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Key takeaways

Burned paws occur in dogs when foot pads encounter damaging heat or chemicals.

  • Dogs with burned paws often show no symptoms initially but lick their feet excessively and limp or refuse to walk after the injury occurs
  • Physical examination is sufficient to diagnose burned paws
  • Serious burn cases require treatment such as pain relief, wound management, bandaging, and antibiotics
  • Avoid allowing a dog to walk on potentially hazardous surfaces to prevent burned paws
  • Pavement gets dangerously hot when the ambient temperature exceeds 85°F (29°C)
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A closer look: Burned Paw Pads in Dogs

Burned paw pads most commonly occur in dogs as a result of exposure to hot sidewalks or ice melting chemicals. Less serious burns are painful but often heal spontaneously while more severe burns result in loss of pad tissue and infection.

The onset of symptoms varies depending on the source of the burn. Pavement is rarely hot enough to burn instantly, so most burns develop when a dog continues walking on a hot surface for several minutes or longer.

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Risk factors

Burned paws are serious but not life-threatening. The injury is painful and sometimes leads to the loss of pad tissue and open wounds. Pad tissue takes a long time to heal, and infections may develop as a further complication from severe burns. Minor burns are common, for example, after walking on inappropriately hot surfaces or snowmelt chemicals. In minor cases the prognosis is good but in serious cases the healing time can be many weeks.

Bleeding of the pads is seen in cases of full thickness burns. Severely burned pad tissue sloughs off leaving open wounds that are at risk for infection.

Possible causes

Different types of burns have different causes. Some types of burns reported in dogs include:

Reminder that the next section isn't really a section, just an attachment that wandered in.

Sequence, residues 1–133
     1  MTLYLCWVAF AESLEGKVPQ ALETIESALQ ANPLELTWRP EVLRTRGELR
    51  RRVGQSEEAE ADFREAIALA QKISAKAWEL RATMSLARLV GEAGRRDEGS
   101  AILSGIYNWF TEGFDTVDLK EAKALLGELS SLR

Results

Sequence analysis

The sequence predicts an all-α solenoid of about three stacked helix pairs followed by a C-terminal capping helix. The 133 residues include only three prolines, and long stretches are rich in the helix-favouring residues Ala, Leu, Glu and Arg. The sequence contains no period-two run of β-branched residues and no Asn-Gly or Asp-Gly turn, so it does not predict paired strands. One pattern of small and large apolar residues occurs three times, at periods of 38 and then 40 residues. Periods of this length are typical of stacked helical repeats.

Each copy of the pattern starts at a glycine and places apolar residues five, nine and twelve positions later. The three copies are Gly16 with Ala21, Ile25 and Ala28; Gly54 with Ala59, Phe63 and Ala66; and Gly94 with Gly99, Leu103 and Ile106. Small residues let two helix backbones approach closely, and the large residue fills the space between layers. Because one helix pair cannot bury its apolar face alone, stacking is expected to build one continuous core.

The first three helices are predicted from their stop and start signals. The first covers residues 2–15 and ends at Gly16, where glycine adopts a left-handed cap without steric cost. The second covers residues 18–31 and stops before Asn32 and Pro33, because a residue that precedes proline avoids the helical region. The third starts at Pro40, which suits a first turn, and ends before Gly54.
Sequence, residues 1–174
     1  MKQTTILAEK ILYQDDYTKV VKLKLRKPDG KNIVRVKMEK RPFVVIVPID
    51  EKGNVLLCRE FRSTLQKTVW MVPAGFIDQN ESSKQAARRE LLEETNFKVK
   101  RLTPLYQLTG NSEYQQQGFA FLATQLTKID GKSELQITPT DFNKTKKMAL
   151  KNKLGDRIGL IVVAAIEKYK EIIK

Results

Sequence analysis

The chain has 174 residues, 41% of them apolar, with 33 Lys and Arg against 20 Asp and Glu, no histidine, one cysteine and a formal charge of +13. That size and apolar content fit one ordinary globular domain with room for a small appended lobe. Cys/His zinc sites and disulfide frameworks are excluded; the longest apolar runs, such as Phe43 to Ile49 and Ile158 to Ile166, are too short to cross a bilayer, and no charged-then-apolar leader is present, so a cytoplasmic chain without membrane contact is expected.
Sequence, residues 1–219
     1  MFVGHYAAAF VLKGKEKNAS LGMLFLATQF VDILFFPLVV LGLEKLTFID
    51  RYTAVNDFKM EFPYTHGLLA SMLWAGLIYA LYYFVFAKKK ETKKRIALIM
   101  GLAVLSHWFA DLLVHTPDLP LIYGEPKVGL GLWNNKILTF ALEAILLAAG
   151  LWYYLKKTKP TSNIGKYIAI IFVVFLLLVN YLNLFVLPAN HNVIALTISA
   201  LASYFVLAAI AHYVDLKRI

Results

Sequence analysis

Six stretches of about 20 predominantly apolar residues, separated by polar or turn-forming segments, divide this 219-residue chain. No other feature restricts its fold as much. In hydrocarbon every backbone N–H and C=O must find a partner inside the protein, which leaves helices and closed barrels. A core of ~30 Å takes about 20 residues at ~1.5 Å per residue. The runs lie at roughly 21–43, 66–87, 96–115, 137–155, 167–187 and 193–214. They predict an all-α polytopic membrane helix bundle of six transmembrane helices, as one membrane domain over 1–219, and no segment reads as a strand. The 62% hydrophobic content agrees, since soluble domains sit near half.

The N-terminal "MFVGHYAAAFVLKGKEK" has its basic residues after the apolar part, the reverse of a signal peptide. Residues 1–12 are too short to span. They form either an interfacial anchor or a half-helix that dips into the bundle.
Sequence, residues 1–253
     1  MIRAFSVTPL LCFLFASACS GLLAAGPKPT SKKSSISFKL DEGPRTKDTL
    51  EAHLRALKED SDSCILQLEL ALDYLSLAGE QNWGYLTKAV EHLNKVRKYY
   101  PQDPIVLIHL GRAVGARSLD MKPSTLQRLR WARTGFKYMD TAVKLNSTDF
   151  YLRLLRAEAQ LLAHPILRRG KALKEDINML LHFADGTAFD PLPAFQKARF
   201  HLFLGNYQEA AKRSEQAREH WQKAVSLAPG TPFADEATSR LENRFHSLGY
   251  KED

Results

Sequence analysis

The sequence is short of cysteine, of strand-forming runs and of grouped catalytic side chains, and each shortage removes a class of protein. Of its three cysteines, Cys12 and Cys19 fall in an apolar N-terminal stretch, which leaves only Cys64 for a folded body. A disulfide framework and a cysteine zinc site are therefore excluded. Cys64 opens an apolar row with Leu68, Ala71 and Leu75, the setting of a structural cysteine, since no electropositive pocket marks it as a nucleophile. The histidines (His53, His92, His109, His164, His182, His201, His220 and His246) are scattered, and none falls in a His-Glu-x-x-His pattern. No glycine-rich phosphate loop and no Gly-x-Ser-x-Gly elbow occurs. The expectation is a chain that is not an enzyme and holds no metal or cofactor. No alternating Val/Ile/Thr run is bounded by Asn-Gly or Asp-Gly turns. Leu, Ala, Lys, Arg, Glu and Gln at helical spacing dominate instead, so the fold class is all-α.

• Pavement burns (thermal) - Exposure to hot pavement and sand is the most common source of paw pad burns in dogs
  • Other thermal burns - hot liquids or materials, flames
  • Electrical burns - treading on live electrical wires
  • Chemical burns - ice melt products, acids, drain cleaner, gasoline, paint thinners

Main symptoms

Burned paws are painful, but dogs often don’t show signs of pain while the injury is occuring.

Testing and diagnosis

Diagnosis of burns is usually self evident. A dog presenting with burns usually requires physical examination to assess the severity of the injury and blood work to check for infection.

Steps to Recovery

Treatment depends on severity. Most minor cases go away on their own with time and rest. Anti-inflammatory medications may be recommended for pain relief. Preventing licking of the paws and burn creams may be helpful in more complicated cases. Severe burns require wound management including flushing the burns with saline, dressing the wounds to encourage healing and prevent contamination, and supporting the wounds with bandages or boots to reduce pain when walking.

Severity determines prognosis. Minor burns are uncomfortable but resolve in 1-2 days. Severe burns take weeks to heal and require significant treatment to prevent infection and facilitate healing.


Prevention of burned paws is possible in most cases by being aware of pets and restricting access to potentially hazardous surfaces. Burned paws during hot weather can be prevented by awareness of outside temperatures higher than 85℉ (29℃). During these times, best practices to prevent burns include:

  • Walk early mornings and late evenings
  • Avoid walks without shade or with significant amount of time walking on the pavement or sand
  • Perform the pavement test - hold the back of a hand against the pavement for seven seconds. If it’s uncomfortable, then delay the dog walk

Are Burned Paw Pads in Dogs common?

Low grade burns associated with walking on hot asphalt or sand are common in dogs. Severe burns are uncommon.

Typical Treatment

  • Pain relief
  • Wound care
  • Dressings and bandages
  • Boots
  • Antibiotics when indicated


Tannaz Amalsadvala, B.V.Sc. & A.H., MS - Writing for dvm360®
Lauren Jones, VMD - Writing for PetMD
Roger Gfeller, DVM, DACVECC; Michael Thomas, DVM; Isaac Mayo; The VIN Emergency Medicine Consultants - Writing for Veterinary Partner
Roger Gfeller, DVM, DACVECC; Michael Thomas, DVM; Isaac Mayo; The VIN Emergency Medicine Consultants - Writing for Veterinary Partner
Ryan Llera, BSc, DVM; Lynn Buzhardt, DVM - Writing for VCA Animal Hospitals
Courtney Barnes, BSc, DVM; Catherine Barnette, DVM - Writing for VCA Animal Hospitals

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